Top line results from the Phase 4 HER-MES study of erenumab versus topiramate have demonstrated the superiority of erenumab in migraine prevention.
Erenumab had a superior tolerability and efficacy profile compared to topiramate, with fewer discontinuations during the double-blind, 24-week treatment phase. Erenumab also showed superior efficacy, with a greater proportion of patients achieving a 50% reduction in their monthly migraine days (MMDs).
“The data generated by this first of a kind head-to-head study reinforces the value of erenumab as a safe and effective migraine prevention treatment. The findings also provide novel insights into migraine therapy for physicians and patients,” said Professor Uwe Reuter, Managing Medical Director at Charité Universitätsmedizin, Berlin, Germany.
In HER-MES, 777 adult patients with episodic or chronic migraine and at least four migraine days per month, who were naïve to, not suitable for or had previously failed up to three prophylactic migraine treatments, were enrolled to receive erenumab 70 mg and 140 mg or topiramate in the highest tolerated dose (50-100 mg daily).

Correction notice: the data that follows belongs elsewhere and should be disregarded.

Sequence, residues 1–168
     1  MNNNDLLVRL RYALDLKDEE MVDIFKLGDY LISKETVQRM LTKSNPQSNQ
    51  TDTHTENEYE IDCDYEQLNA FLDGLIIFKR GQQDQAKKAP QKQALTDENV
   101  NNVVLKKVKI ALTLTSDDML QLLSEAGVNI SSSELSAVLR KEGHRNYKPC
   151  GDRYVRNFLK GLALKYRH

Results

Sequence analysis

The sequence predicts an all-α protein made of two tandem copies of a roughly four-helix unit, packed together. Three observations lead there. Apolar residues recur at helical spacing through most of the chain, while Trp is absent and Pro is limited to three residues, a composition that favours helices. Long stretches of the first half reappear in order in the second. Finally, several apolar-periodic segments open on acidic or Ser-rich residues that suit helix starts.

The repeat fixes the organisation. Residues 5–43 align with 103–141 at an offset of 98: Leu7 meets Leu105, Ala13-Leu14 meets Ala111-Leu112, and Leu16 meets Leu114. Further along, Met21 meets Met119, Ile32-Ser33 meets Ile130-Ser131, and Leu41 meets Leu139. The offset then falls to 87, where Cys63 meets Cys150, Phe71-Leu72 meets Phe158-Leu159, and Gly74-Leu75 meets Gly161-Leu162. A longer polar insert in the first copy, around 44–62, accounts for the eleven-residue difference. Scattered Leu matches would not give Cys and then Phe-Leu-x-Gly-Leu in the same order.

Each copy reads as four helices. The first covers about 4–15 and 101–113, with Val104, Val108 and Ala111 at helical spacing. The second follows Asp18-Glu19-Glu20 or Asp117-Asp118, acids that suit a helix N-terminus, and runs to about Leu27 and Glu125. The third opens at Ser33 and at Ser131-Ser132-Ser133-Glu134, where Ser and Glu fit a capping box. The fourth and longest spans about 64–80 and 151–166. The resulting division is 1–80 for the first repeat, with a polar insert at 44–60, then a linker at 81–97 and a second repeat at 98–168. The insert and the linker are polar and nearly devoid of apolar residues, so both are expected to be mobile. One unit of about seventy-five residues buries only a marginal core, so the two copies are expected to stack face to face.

The primary endpoint was treatment discontinuation rate due to adverse events during the 24-week double-blind treatment phase of the study, and the secondary endpoint was the 50% reduction in MMDs from baseline in weeks 12-24 of the double-blind treatment phase.
Erenumab has now been prescribed to more than 480,000 patients in 44 countries since it was launched in 2018.